Debut albums and Mancs are usually a match made in heaven, so let’s hear what Folks (Scott Anderson (Vocals), Michael Beasley (Guitar), Thom Fripp (Lead Guitar), Harry Gumery (Bass), Wil Akroyd (Keyboards) and Elliot Barlow (Drums) have to offer; I hope it’s every bit as good as their live sets that seem to effortlessly captivate the crowds.
The album’s urgency-fuelled introduction boils over with promise as a wealth of possibility ebbs and flows between the slightly surreal reprises and Beach Boy backing vocals which intercut it, before ‘My Mother’ abruptly ends without warning. The signs are all good so far; who knows, maybe we’ll have another merit-worthy Manc outfit to admire?
A somewhat blissed-out ‘Avalanche‘ follows, meandering yet managing to maintain the upbeat tempo of its predecessor as it emulates a Gibb brother-driven ‘Tomorrow Never Knows’. Sadly, this (free download) debut release closes in a cloud of indifference, without leaving any real impact.
Simplistic ‘People I've Known’ revisits the fab four once more, as ‘I’m only Sleeping’ subtly seeps in and out of an uninspiring composition that’s perhaps saved only by the sleepy Sunday lead vocal.
Upbeat and energetic ‘Skull & Bones’ sticks to the same non-offensive formula that ultimately, has failed to offer anything new to further the listener since the outset of what’s so far proved to be a middle of the road album. Some all too infrequent breakdowns supply some unexpected and possibly Zepp-inspired aural highlights that echo and all too overused ‘Cashmere’.
Lead by a vocal tenderness that practically undermines all else involved. ‘Ink’ is a short and gentle, easy going song that pleasingly stirs both Gomez and Dylan’s ‘Fourth Time Around’ to great effect.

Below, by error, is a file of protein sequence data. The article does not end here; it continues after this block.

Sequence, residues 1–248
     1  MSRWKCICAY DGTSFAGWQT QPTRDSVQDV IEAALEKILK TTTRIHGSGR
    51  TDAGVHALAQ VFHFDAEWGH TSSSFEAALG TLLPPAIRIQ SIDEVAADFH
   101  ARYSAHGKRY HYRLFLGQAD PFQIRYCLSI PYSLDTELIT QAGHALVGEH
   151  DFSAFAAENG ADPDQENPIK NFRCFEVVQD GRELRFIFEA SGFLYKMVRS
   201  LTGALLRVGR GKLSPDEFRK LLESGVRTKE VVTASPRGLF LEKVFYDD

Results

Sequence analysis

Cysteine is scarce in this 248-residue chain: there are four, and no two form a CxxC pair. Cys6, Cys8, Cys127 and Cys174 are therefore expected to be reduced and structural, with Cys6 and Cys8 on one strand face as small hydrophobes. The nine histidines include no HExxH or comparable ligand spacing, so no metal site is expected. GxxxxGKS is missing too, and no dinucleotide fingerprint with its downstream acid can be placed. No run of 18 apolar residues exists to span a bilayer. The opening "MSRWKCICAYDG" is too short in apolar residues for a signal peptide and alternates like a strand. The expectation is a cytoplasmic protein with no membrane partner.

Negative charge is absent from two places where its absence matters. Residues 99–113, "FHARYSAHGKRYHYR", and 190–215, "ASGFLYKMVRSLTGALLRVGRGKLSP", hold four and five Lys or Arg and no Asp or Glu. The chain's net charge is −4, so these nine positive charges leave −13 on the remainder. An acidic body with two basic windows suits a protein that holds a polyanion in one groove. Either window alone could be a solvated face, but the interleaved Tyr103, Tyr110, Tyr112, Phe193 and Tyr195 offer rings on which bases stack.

Giving us the most established sounds of the CD so far, the surely ‘Don’t go Away/Stop Crying your heart out’-inspired ‘Where does the White Go?’ engages and ensures we listen in to a track that tragically fails to find itself in unchartered territory.
With its repetitive, almost nauseating drum-filled backdrop ‘Do the Right Thing’ is undeniably catchy yet serves only as typical flipside fodder; its only saving grace is that it (once again) sounds a little like the majestic Gomez.
Shot through with the sounds and sentimentality of the Smiths’ ‘There is a Light that Never goes Out…’ and spurring ill-founded excitement, accessible ‘Anywhere You Want to Go’ fails to live up to the expectations initially instilled by a great sounding but all too repetitive track.
Studio trickery only serves to infuriate as its absurd absence is sorely highlighted during ‘Venom’ and ‘I See Cathedrals’ has started to feel like a polished jamming session. Flashes of Badly Drawn Boy’s ‘More than a Woman’-influenced ‘Silent Sigh’ go a long way to improve matters and actually, this could be the best, most diverse and dynamic offering yet.
The Beach Boys’ ‘God Only Knows’ closely stalks the sonically refreshing ‘Say Something’, an organ-driven track that pleasingly features an inviting chorus that annoyingly gets repeated and tramples upon any unrealised potential towards the tracks close.
Owing for the lead vocal, buoyant ‘Four & Twenty Blackbirds’ would do Radiohead proud. Non-engaging storytelling rides the penultimate tracks natural propulsion towards the most diverse outro yet heard herein.
‘The Ship’ predominantly serves as a vocal tribute to both Liam Gallagher and John Lennon, whilst the latter’s ‘Oh My Love’ & ‘I Don’t Want to be a Soldier’ are simultaneously summoned within the atmospheric mixing.
I guess the missing element of this album is the swagger that numerous Manc lad bands such as upstarts Lowline or My Captive Audience tend to have. That’s not to say that we need more of that all too commonplace ‘I’m God’s gift to music’ Manc attitude of course, but I like FOLKS, they just need to inject a little more pizzazz into their somewhat repressed and ultimately unrealised sound.
Wearing their influences on their collective sonic sleeves will do no harm either, especially if it lands them support slots with the likes of Noel Gallagher, but what I really want to hear is this band loosen up a little, before they miss Manchester’s musical renaissance that’s now come around in a wave of band reformations (thanks to the Stone Roses and their inspiring Heaton Park payday!).